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Is bad PreCheck planning responsible for TSA delays?


TSA's PreCheck program, which allows fliers who apply for an $85 5-year membership that enables them to move more quickly through airport security without having to take off as much or unpack as much at scanning, may be at the root of the increasingly long security lines—as much as 90 minutes—at airports.

Now that warnings are out about long lines this summer, Jason Cochran, editor of Frommers online website, is suggesting that the lines are caused by TSA, under budget pressure from Congress, cutting back on staff it expected not to need because PreCheck requires less staff—and did it without waiting to see if enough people would sign up for PreCheck.

And they haven't signed up in those numbers. Cochran argues that TSA is in part responsible for that, too. In the beginning, PreCheck was pitched primarily to first- and business-class passengers and to airline elites, which gave it the air of something just for the rich. And, the application process that requires an interview at an airport or government office.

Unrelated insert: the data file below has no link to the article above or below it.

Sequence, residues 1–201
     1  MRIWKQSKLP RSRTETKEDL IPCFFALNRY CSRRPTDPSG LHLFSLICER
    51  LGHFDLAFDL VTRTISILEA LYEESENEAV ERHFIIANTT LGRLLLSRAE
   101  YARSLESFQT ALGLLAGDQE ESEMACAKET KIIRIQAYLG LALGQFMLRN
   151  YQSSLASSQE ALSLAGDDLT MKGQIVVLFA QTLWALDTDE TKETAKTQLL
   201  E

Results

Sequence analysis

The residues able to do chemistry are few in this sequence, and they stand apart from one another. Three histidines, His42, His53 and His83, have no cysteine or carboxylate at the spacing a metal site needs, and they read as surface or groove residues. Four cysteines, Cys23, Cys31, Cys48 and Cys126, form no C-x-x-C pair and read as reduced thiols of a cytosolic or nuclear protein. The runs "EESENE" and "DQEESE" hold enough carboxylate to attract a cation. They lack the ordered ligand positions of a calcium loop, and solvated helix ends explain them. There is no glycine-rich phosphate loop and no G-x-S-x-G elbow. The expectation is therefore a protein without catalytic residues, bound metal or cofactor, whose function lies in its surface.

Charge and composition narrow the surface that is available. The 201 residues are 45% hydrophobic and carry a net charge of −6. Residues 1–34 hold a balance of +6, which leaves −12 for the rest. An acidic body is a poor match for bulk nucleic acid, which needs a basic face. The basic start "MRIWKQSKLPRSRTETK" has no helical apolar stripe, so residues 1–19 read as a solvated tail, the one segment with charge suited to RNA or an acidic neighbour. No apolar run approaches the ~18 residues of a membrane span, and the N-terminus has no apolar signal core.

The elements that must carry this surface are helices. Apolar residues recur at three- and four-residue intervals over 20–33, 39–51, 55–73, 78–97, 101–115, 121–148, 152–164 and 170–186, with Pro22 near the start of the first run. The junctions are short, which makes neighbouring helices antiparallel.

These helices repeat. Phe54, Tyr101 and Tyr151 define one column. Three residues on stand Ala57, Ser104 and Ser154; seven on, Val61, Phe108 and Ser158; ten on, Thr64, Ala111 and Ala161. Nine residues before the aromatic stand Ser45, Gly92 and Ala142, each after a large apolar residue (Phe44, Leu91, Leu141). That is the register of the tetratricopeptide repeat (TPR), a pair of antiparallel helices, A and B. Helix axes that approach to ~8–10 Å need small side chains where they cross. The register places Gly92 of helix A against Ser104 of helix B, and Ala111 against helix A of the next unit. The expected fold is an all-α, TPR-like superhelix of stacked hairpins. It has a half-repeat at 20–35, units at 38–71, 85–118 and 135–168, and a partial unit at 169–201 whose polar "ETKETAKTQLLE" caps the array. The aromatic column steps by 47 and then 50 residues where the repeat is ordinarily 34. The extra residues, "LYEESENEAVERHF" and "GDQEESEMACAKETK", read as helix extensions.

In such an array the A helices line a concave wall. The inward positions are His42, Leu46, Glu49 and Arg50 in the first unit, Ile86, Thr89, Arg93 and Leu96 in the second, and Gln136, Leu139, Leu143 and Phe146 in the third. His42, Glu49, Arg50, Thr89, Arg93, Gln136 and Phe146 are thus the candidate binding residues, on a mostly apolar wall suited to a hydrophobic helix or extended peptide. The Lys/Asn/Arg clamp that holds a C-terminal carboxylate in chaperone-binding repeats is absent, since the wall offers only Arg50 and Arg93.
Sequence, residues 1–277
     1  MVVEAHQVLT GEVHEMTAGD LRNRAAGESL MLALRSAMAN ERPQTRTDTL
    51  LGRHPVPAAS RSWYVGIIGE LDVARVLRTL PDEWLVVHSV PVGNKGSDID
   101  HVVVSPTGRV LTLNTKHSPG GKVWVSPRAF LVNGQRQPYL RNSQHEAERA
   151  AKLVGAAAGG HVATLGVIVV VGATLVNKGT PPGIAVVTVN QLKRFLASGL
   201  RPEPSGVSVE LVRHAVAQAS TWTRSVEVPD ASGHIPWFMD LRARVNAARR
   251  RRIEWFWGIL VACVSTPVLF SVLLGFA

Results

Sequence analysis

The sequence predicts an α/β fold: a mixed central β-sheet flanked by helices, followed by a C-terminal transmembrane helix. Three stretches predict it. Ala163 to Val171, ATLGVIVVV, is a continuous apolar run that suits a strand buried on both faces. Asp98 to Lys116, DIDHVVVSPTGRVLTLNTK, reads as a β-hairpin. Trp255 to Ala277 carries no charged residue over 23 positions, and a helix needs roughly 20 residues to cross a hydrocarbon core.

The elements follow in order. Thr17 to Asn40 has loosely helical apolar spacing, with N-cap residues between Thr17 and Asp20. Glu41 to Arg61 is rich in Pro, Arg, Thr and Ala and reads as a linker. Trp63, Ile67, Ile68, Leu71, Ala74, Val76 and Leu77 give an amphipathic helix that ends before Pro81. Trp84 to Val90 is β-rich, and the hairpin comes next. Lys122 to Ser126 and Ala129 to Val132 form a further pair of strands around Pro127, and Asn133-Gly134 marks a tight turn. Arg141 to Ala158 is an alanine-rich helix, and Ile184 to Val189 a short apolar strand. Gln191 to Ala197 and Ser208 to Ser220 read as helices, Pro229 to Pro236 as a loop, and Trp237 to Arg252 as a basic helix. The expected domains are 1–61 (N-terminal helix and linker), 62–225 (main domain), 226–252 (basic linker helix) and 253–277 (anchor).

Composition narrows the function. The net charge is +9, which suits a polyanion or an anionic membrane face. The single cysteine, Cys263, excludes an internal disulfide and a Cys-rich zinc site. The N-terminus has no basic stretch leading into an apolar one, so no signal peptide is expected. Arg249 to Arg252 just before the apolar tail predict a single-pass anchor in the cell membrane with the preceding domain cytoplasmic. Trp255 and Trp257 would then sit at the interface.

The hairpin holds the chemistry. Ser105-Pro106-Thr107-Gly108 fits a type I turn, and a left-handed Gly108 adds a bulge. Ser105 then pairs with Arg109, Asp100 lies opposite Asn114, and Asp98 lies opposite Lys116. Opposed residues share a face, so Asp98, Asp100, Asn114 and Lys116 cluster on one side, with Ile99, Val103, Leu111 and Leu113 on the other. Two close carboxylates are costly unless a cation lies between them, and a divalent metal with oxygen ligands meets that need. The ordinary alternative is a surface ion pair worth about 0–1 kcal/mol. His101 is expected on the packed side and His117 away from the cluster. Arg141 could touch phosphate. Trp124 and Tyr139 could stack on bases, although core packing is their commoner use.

For more details, including why even the Frommers staff is divided on signing up, click HERESpoiler: Cochran's in, Pauline Frommer isn't, and this Gumbo Guru hates to leave home without it...


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I don't like the whole concept of PreCheck because when they started this added security at airports, they insisted terrorists could be anyone and that's why we need to check everyone.  We enter trains, buses and metros without a PreCheck, and it doesn't take forever. There is a history of attacks on those means of transportation too. And now attacks could just as easily happen at the ticket counter at the airport as on the plane.

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